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Arthur Kade 07-11-2015 10:17 AM

I can't believe Errol Cramer went there
 
June/July issue of The Actuary (p11)

Quote:

We offer one of the world's "high credentials" in actuarial science, I believe the equivalent of a Ph.D.
We really have got to quit this circle-jerk that FSA is the equivalent of a PhD. To anybody who has even a passing acquaintance with what a PhD entails, this makes us look foolish galactically stupid.

Arthur Kade 07-11-2015 10:21 AM

Really the whole issue is a colossal circle-jerk, with the editorial (p6) reiterating the claim that actuaries could have helped during the 2008 crisis because actuaries understand "that the distribution function for most risks ... have longer fatter tails", "it's even more important to calibrate [models] appropriately", "model drift" and "spirals".

Or perhaps it's because we have the Actuarial Control Cycle, I'm not really sure.

:shake:

JohnLocke 07-11-2015 10:36 AM

Quote:

Originally Posted by Arthur Kade (Post 8144027)
June/July issue of The Actuary (p11)

We really have got to quit this circle-jerk that FSA is the equivalent of a PhD. To anybody who has even a passing acquaintance with what a PhD entails, this makes us look foolish galactically stupid.

Every time someone tries to equivocate the two, I cringe and feel a little embarrassed for our profession.

JohnLocke 07-11-2015 10:40 AM

Quote:

Originally Posted by Arthur Kade (Post 8144028)
Really the whole issue is a colossal circle-jerk, with the editorial (p6) reiterating the claim that actuaries could have helped during the 2008 crisis because actuaries understand "that the distribution function for most risks ... have longer fatter tails", "it's even more important to calibrate [models] appropriately", "model drift" and "spirals".

Or perhaps it's because we have the Actuarial Control Cycle, I'm not really sure.

:shake:

More cringing.

Colymbosathon ecplecticos 07-11-2015 10:43 AM

Quote:

Originally Posted by JohnLocke (Post 8144030)
Every time someone tries to equivocate the two, I cringe and feel a little embarrassed for our profession.

While I agree with the sentiment, I personally cringe when people misuse the word equivocate.

jas66Kent 07-11-2015 11:21 AM

That's precisely what happens when you put too much focus on exams, and not enough focus on getting an actual actuarial education. And no.....writing exams != actuarial education.

I see this often in industry. You have a whole gaggle of people trained only to look at problems via the way they regurgitated them back to the examiners during the exams, so if anything new comes up(which requires out of the box thinking) they don't know what to do, and usually end up failing rather spectacularly at coming up with a solution.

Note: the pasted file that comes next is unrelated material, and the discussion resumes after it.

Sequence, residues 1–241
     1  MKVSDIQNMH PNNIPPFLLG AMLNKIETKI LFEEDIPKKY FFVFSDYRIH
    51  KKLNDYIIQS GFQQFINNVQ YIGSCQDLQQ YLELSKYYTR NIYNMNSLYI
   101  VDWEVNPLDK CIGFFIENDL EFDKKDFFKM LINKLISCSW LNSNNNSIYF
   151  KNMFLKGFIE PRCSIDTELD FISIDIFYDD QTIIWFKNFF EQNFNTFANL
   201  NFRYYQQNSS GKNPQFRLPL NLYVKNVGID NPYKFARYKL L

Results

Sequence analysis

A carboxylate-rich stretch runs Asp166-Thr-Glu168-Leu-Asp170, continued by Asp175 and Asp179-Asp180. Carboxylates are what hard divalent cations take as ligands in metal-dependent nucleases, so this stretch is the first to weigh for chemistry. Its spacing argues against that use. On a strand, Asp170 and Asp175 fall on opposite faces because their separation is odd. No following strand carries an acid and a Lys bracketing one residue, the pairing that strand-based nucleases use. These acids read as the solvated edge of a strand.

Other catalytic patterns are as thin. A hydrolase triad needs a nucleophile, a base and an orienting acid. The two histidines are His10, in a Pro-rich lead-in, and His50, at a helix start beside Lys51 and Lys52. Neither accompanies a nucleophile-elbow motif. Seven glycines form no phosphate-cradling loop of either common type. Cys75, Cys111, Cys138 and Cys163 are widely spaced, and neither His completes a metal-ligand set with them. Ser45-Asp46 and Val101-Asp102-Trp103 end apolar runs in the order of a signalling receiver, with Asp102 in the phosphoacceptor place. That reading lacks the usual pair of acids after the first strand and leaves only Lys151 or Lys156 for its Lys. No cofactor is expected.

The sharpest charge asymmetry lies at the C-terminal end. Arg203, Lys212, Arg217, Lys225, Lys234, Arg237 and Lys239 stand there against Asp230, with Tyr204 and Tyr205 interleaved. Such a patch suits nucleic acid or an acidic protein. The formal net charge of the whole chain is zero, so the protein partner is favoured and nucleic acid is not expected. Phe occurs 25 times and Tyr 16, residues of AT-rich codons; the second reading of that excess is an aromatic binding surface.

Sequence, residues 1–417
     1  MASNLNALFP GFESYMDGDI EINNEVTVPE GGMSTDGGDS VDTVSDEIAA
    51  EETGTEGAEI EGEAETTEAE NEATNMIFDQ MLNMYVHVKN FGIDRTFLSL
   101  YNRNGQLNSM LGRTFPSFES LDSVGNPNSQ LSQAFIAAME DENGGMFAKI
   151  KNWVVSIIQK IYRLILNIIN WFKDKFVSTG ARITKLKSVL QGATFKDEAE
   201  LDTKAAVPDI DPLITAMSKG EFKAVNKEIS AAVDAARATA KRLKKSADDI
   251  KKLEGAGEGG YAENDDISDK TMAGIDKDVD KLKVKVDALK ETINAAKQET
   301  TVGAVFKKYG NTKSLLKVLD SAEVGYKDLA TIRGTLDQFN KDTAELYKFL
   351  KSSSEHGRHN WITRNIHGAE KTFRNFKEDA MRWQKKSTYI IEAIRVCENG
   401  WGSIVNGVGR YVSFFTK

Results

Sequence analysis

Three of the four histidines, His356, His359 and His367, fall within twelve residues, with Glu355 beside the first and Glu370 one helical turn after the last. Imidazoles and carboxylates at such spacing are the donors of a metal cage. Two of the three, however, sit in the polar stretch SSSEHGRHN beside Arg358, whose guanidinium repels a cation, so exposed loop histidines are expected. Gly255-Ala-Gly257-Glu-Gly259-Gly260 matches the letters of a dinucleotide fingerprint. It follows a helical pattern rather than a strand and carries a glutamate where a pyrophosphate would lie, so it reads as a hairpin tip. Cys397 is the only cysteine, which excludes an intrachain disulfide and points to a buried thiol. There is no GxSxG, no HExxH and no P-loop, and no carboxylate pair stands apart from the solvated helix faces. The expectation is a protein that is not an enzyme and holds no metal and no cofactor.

JohnLocke 07-11-2015 11:24 AM

Quote:

Originally Posted by Colymbosathon ecplecticos (Post 8144032)
While I agree with the sentiment, I personally cringe when people misuse the word equivocate.

(looks up word in dictionary)

Ewww...I butchered that one.

JohnLocke 07-11-2015 11:26 AM

Quote:

Originally Posted by jas66Kent (Post 8144042)
That's precisely what happens when you put too much focus on exams, and not enough focus on getting an actual actuarial education. And no.....writing exams != actuarial education.

I see this often in industry. You have a whole gaggle of people trained only to look at problems via the way they regurgitated them back to the examiners during the exams, so if anything new comes up(which requires out of the box thinking) they don't know what to do, and usually end up failing rather spectacularly at coming up with a solution.

Uh...I think I agree with what I think you said. To clarify, 2 master degrees != actual actuarial education either.

jas66Kent 07-11-2015 12:00 PM

Quote:

Originally Posted by JohnLocke (Post 8144046)
Uh...I think I agree with what I think you said. To clarify, 2 master degrees != actual actuarial education either.

I'm not arguing that is not somewhat accurate.

But.....MSc's + exams + experience >>>>> exams + experience

The main problem with business folks is that they can only really deal with problems that they have seen before. That's where their experience lies. The plug and chug nature of the exams process (which causes people to forget the vast majority of things that they studied) does not lend itself well to an ameliorated long-term problem solving ability. And I think that's where an advanced degree (masters or ph. D) makes a big difference.

JohnLocke 07-11-2015 12:17 PM

Quote:

Originally Posted by jas66Kent (Post 8144060)
I'm not arguing that is not somewhat accurate.

But.....MSc's + exams + experience >>>>> exams + experience

The main problem with business folks is that they can only really deal with problems that they have seen before. That's where their experience lies. The plug and chug nature of the exams process (which causes people to forget the vast majority of things that they studied) does not lend itself well to an ameliorated long-term problem solving ability. And I think that's where an advanced degree (masters or ph. D) makes a big difference.

I do not believe this. Masters and ph.D give you a narrow skillset and help you hone what faculties you already have.

Plenty of people in this world have Master's Degrees but not critical thinking. I've also met some people with Bachelor's that are great problem-solvers running circles around those same people with all their fancy credentials. I bet everyone who works in an office had similar anecdotes.

I don't care what pieces of paper you have. I care what you can do.


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